PROVIDENCE – The Tax Foundation, a nonpartisan tax policy research group on Tuesday released its 2024 State Business Tax Climate Index, showing a slight improvement for Rhode Island, which the organization says is now faring better than neighboring Massachusetts and Connecticut regarding tax competitiveness.
The index measures each state’s taxation structure and is meant to inform policymakers, business leaders, and taxpayers on how they stack up against their peers across more than 120 variables. In addition to an overall ranking, the study breaks down tax codes across five sub-indexes: corporate taxes, individual income taxes, sales and excise taxes, property and wealth, and unemployment insurance taxes.
Rhode Island’s overall ranking moved from 42nd to 41st while its property tax component ranking moved from 41st to 35th. Massachusetts and Connecticut’s overall ranking was 46th and 47th, respectively.
Massachusetts’s overall ranking fell 12 spots in the most recent report, more than any other state. The researchers attribute this mostly to a decline in “tax competitiveness” that resulted from the adoption of a November 2022 ballot measure that amended the state’s constitution by imposing a 4% surtax on income over $1 million; and raising the top marginal individual income tax rate from 5% to 9%.
The Bay State’s individual taxation ranking fell 33 spots over 2023.
“This policy change represents a stark contrast from the recent reforms to reduce rates while consolidating brackets in many other states,” the authors noted.
The report included Rhode Island in its “notable rankings changes,” citing the inclusion in the fiscal 2024 budget of a $50,000 exemption to the tangible property tax paid by businesses on equipment and other connected assets.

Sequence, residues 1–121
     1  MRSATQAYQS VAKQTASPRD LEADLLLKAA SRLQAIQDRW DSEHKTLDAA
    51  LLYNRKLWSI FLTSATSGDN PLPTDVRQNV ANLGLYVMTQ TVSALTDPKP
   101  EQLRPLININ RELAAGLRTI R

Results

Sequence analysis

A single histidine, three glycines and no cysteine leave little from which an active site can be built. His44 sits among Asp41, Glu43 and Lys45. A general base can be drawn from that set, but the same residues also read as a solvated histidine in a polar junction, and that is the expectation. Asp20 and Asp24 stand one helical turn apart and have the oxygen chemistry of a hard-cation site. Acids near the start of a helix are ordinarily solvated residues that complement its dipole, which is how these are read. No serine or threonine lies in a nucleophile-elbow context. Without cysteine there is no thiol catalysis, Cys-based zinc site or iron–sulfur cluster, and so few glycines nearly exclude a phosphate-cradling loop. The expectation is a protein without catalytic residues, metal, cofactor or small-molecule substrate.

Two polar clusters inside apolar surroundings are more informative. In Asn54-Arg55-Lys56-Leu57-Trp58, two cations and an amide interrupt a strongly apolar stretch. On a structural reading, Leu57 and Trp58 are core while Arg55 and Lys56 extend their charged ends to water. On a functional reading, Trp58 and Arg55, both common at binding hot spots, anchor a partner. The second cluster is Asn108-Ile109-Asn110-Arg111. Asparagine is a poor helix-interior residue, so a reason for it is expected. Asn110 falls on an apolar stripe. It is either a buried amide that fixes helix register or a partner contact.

Rhode Island currently has graduated individual income tax rates that range from 3.75% to 5.99 percent, a flat 7% corporate levy, and a 7% state sales tax.
On Wednesday, a spokesperson for Gov. Daniel J. McKee, Matt Sheaff, lauded the report, which the administration views is result of policies like the phase-out of the car tax, elimination of the litter tax and a $100 million investment to shore up the state’s unemployment insurance trust fund.
“While there’s more to do, Rhode Island continues to make progress on these national rankings which reflects the work that our Administration has done in partnership with the General Assembly to improve Rhode Island’s business climate,” he said.
Sheaff said the state has also improved its rankings in other national studies, such as a CEO Magazine survey which ranked Rhode Island 25th among states to do business, and a recent U.S. News & World report that listed it 9th in “business environment.”
An overview of how Rhode Island fared within the Tax Foundation’s subcategories placed it 49th for unemployment insurance taxes; 35th for property taxes; and 22nd for sales taxes. The index also shows each state’s performance over the previous decade. Since 2014, Rhode Island’s best overall ranking was 38th, logged in both 2018 and 2019.
University of Rhode Island business professor Edward M. Mazze said the state’s regulatory structure and its “cost of doing business” has improved in recent years.
“There have been changes in the tax structure which have been helpful to businesses,” he said. “But we still have work to do to become more competitive.”
Wyoming ranked first overall and has the best individual taxation polices, according to the foundation.
The report’s summary says the lowest ranked states “tend to have a number of afflictions in common: complex, nonneutral taxes with comparatively high rates.”
(UPDATE: Adds comment from McKee spokesman in 9th, 10th, 11th and 12th paragraphs)
Christopher Allen is a PBN staff writer. You may contact him at Allen@PBN.com.